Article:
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and R25a, R25b, R25c, R25d, and R25e are each independently selected from the group consisting of hydrogen, halogen, hydroxy, nitro, amino, cyano, alkoxy, optionally substituted alkyl, haloalkyl, optionally substituted aryl, and optionally substituted heteroaryl. In particular embodiments, R25a is selected from the group consisting of hydrogen and fluoro; R25b is chloro; R25c is selected from the group consisting of hydrogen and fluoro; and R25d and R25e are hydrogen.

In certain embodiments, compounds of Formula II or a pharmaceutically acceptable salt, solvate, or prodrug thereof are provided, wherein R5 is selected from the group consisting of:

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including stereoisomers, e.g., enantiomers, thereof, wherein:

R7 is optionally substituted C1-C4 alkyl;

R9a and R10 are each hydrogen; or

one of R9a and R10 is hydrogen and the other is a metabolically cleavable group;

R9b is selected from the group consisting of hydrogen, optionally substituted alkyl, optionally substituted cycloalkyl, optionally substituted aryl, optionally substituted heteroaryl, —SO2R9d, and —CONR9eR9f;

R9c is selected from the group consisting of hydrogen, optionally substituted alkyl, optionally substituted cycloalkyl, optionally substituted aryl, and optionally substituted heteroaryl; or

R9b and R9c taken together with the nitrogen atom to which they are attached form a 4- to 8-membered optionally substituted heterocyclo;

R9d is selected from the group consisting of optionally substituted alkyl and optionally substituted cycloalkyl;

R9e and R9f are each independently selected from the group consisting of hydrogen, optionally substituted alkyl, and optionally substituted cycloalkyl; or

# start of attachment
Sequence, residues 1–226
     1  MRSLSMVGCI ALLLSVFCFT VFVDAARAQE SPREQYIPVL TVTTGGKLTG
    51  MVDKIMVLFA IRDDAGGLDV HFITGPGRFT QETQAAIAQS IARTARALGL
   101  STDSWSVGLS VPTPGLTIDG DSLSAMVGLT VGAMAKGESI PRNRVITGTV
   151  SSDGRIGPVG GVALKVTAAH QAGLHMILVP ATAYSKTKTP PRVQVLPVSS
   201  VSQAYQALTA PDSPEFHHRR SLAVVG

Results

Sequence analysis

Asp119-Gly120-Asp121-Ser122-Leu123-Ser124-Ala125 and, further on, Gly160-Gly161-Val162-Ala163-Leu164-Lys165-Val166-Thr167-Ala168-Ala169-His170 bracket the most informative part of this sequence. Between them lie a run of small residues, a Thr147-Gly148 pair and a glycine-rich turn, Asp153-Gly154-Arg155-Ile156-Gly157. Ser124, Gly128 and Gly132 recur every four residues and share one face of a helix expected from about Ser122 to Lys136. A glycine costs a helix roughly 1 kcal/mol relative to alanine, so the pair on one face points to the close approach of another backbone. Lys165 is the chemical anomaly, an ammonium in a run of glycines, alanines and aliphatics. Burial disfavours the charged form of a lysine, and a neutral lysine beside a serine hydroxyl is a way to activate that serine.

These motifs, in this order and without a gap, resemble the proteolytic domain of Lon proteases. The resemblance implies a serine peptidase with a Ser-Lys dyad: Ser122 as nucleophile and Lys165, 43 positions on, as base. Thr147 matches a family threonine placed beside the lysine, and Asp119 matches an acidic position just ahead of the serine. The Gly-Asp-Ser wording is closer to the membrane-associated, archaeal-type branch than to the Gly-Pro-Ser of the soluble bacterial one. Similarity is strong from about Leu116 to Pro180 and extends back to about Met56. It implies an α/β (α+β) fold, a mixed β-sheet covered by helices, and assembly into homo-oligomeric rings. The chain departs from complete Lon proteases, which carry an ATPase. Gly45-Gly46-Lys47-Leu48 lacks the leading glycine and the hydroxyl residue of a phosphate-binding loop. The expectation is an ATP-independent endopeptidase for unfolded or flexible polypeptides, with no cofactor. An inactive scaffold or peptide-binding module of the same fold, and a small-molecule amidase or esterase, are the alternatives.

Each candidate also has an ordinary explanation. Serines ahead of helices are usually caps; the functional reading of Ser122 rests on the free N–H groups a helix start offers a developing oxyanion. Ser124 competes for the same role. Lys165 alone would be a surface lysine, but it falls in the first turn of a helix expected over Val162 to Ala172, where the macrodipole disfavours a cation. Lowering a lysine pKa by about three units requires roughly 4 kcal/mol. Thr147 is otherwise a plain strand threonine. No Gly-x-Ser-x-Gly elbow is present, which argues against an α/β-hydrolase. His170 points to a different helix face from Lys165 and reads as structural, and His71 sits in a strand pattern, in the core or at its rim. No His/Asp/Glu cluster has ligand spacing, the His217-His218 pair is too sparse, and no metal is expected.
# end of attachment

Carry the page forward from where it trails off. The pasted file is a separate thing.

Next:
R9e and R9f taken together with the nitrogen atom to which they are attached form a 4- to 8-membered optionally substituted heterocyclo;

R11a is selected from the group consisting of hydrogen, optionally substituted alkyl, optionally substituted cycloalkyl, optionally substituted aryl, optionally substituted heteroaryl, —SO2R11c, and —CONR11dR11e;

R11b is selected from the group consisting of hydrogen, optionally substituted alkyl, optionally substituted cycloalkyl, optionally substituted aryl, and optionally substituted heteroaryl; or

R11a and R11b taken together with the nitrogen atom to which they are attached form a 4- to 8-membered optionally substituted heterocyclo;

R11c is selected from the group consisting of optionally substituted alkyl and optionally substituted cycloalkyl;

R11d and R11e are each independently selected from the group consisting of hydrogen, optionally substituted alkyl, and optionally substituted cycloalkyl; or

R11d and R11e taken together with the nitrogen atom to which they are attached form a 4- to 8-membered optionally substituted heterocyclo;

R14 is selected from the group consisting of hydrogen, C1-C4 alkyl, or C3-C6 cycloalkyl;

R15 is hydrogen or a metabolically cleavable group;

R16a is selected from the group consisting of —SO2R16c and —CONR16dR16e;

R16b is selected from the group consisting of hydrogen and optionally substituted alkyl;

R16c is selected from the group consisting of optionally substituted alkyl, optionally substituted cycloalkyl, optionally substituted aryl, and optionally substituted heteroaryl;

R16d and R16e are each independently selected from the group consisting of hydrogen, optionally substituted alkyl, optionally substituted cycloalkyl, optionally substituted aryl, and optionally substituted heteroaryl; or

R16d and R16e taken together with the nitrogen atom to which they are attached form a 4- to 8-membered heterocyclo;

R19 is selected from the group consisting of hydrogen, optionally substituted C1-C6 alkyl, and optionally substituted cycloalkyl;

R20 is selected from the group consisting of hydrogen, optionally substituted C1-C6 alkyl, and optionally substituted cycloalkyl;